“It gave me something to lean on when I was struggling. It made me realize that I am a strong teacher, and maybe I could enjoy the title of ‘dance teacher’ just as much as the title of ‘dancer’.”
As adults, we understand the value of time. Unlike our earlier years, we have more control over how our time is spent and what our time is delegated towards. The only catch is that there is much more to be done – work responsibilities, exercising, eating well, getting enough rest, hydrating, planning, paying bills – and there are people to take care of other than ourselves – our significant other, children, family, friends, pets. Sometimes the teeny, tiny wedge of our pie chart that we had hoped to dedicate to ourselves, ends up shrinking or maybe gets pushed out of the chart all together. This is when we start to feel the effects – fatigue, boredom, anxiety, sadness, anger, resentment, being at a loss for who we even are anymore. Whether you are in this cycle now or have been in the past, we all can relate to this as busy human beings (and works in progress). I salute each one of you in your individual struggle to embrace yourself and make time for YOU. This common human struggle is why I love teaching adults.
I started teaching in college. When I began at The Hartt School at the University of Hartford, I intended to only get a performance degree. After completing the mandatory pedagogy course freshmen year though, I found that I really enjoyed teaching. And so, I switched my major to Ballet Pedagogy. I was able to perform as I intended, while also getting the added bonus of a ballet teaching degree. I knew that teaching would be essential to supporting my performance career, and, of course, I wanted to have a back-up plan for myself.
It’s a blur to me now when I even started teaching adults. What I do remember is initially being very intimidated by the task. While most adult ballet classes are labelled or defined in some way – beginner, intermediate, advanced, etc. – there’s not often a huge offering for adults. Therefore, as a teacher, you’re often presented with a huge spectrum of student abilities. As both a teacher and a people-pleaser, I want everyone to be happy, to be appropriately challenged, to enjoy themselves, and not feel overwhelmed! But finding this balance for each student was so daunting to me when I began teaching adults. (Honestly, it’s still a little daunting today too, but the love outweighs the fear LOL.)
Aside from level and ability, adults are also fully functioning humans with their own opinions. This we know. As a teacher of small humans too, there is an immense difference here. Adults, unlike children, will offer their opinions and choose how they want to spend their time. Early on before any adult class I would think to myself, “What if they don’t like me?!” This is partially my own personal problem, but it can be a thought for any teacher. Teaching younger students you may have a large number of kids but for a variety of reasons – convenient scheduling, attending class with a friend, limited number of levels within the school, or maybe the parent(s) believes your teaching methods work for their student. Adults, on the other hand, can decide for themselves what kind of class they want to attend. I know that not everyone is going to love my class, and you know what? That’s okay. Maybe they find it too hard or too easy. Maybe it’s got too much barre. Maybe they don’t like my music, or maybe I make too many weird little jokes. All those reasons are valid, and I respect that they get to make that choice.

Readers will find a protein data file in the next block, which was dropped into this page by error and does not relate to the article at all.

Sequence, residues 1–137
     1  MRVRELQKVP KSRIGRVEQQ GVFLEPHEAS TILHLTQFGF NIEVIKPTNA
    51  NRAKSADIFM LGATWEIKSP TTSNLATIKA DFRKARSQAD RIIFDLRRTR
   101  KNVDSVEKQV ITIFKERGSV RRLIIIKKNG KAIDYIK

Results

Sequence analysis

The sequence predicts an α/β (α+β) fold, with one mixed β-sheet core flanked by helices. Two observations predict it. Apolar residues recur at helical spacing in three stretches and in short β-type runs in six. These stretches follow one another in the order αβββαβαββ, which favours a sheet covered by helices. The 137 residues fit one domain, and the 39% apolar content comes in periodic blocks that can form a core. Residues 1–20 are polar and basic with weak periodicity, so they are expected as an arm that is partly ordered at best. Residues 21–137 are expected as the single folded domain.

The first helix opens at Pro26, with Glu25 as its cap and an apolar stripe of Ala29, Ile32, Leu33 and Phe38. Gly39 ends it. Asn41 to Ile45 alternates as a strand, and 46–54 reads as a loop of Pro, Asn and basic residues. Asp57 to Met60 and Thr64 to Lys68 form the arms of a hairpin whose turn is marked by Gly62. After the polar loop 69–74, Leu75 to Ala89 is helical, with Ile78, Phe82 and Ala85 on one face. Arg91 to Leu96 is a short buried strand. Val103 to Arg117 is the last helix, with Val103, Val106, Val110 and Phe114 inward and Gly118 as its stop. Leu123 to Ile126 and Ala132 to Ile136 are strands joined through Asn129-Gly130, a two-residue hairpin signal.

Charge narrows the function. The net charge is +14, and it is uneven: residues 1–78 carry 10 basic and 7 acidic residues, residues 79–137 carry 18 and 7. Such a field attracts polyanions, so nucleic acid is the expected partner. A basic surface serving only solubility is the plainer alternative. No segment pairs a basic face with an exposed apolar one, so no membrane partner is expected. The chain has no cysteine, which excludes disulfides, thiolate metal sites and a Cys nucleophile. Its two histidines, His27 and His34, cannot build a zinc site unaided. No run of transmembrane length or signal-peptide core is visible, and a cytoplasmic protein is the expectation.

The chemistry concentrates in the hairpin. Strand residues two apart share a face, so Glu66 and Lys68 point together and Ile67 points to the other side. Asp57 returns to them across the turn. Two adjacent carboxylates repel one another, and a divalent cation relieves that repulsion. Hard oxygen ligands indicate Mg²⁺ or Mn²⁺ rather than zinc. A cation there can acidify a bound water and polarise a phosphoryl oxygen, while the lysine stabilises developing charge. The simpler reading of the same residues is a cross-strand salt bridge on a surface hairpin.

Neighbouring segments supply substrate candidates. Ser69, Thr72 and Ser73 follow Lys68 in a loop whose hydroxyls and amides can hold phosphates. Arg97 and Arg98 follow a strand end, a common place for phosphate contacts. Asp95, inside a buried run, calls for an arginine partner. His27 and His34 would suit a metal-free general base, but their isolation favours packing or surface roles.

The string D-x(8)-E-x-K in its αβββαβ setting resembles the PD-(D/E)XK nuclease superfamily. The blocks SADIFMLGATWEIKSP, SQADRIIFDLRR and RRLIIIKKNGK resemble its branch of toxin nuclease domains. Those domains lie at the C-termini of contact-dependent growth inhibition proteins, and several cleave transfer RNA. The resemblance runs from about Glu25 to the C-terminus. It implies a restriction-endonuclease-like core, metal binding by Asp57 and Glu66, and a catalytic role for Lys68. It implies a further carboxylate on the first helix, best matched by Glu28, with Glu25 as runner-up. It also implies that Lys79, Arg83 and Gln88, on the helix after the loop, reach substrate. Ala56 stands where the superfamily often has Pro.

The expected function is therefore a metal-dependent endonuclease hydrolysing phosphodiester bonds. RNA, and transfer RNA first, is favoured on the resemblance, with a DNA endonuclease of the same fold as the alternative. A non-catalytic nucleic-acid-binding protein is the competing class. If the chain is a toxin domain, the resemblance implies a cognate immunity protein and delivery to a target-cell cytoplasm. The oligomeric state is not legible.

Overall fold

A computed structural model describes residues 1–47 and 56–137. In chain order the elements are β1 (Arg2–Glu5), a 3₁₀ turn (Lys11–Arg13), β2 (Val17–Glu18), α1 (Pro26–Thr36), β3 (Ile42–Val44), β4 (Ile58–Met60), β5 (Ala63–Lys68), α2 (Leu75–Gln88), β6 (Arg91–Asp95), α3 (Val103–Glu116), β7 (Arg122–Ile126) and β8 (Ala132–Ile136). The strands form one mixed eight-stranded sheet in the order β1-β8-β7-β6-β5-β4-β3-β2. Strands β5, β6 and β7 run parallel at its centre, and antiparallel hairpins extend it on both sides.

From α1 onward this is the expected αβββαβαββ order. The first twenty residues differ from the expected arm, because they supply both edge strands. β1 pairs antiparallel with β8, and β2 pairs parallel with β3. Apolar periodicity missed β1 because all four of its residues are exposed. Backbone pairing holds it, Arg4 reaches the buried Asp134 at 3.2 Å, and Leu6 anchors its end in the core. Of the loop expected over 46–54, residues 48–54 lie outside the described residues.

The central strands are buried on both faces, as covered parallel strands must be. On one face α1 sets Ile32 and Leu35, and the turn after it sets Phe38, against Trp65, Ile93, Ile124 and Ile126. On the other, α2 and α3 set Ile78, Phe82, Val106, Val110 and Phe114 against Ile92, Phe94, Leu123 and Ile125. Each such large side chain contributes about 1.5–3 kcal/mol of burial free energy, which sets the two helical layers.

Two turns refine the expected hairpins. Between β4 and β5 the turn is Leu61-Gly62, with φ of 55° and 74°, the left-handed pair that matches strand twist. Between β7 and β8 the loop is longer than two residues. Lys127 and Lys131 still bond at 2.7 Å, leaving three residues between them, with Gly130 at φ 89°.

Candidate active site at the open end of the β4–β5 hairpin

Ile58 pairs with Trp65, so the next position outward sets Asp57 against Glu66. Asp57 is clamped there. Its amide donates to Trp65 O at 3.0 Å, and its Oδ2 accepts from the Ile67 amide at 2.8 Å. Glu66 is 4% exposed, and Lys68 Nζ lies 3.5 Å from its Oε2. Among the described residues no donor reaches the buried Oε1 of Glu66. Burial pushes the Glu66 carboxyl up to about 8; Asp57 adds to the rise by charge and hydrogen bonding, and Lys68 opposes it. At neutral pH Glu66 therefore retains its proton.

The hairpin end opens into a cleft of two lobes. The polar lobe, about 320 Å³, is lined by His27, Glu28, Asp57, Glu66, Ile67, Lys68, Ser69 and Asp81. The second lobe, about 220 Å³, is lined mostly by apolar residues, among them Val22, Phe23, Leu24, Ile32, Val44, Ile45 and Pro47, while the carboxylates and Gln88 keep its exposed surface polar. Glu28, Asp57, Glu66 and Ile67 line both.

“It is a conscious choice that they make to come to class, [to] set aside their busy lives, and to do something for themselves. I am always humbled to be a part of their time.”
After a serious injury about five years ago, I exited the company scene and decided to try my hand as a freelancer instead. With my mornings oddly free of ballet class for the first time in about nine years, I was given a Wednesday A.M. adult ballet class to teach. At first, it was a special kind of torture. Teaching class on the same floor as the company, around the same time as warm-up, made me feel like an absolute failure. I didn’t feel like myself. I would walk around and correct, offering the occasional wave at someone I knew in the hall, and think to myself, “What had I let happen to me? I’m not a dancer anymore.” Week to week though, I maintained a faithful crew of students. It was a challenging blend of students too, that I had originally thought I couldn’t conquer – a spectrum of ages, some comfortable with center work, some not, some with past professional careers, some totally beginner, one student even on pointe every week. What made it all the more enjoyable was their encouragement and the bond that we all built together. It gave me something to lean on when I was struggling. It made me realize that I am a strong teacher, and maybe I could enjoy the title of “dance teacher” just as much as the title of “dancer”. Writing about it now, I miss “my Wednesday morning crew” so much.
What means the absolute most to me about adult students, is that they choose to entrust me with their time. It is a conscious choice that they make to come to class (live, or virtual nowadays), set aside their busy lives, and to do something for themselves. I am always humbled to be a part of their time and to help them nourish the love for dance that they still have or are just now exploring. The responsibility I have to my adults is huge. Sometimes the weight of it overwhelms me, but overall it holds a special place in my heart.
I am honored to be a part of your life, and I hope to make your choice to dance all the more worthwhile.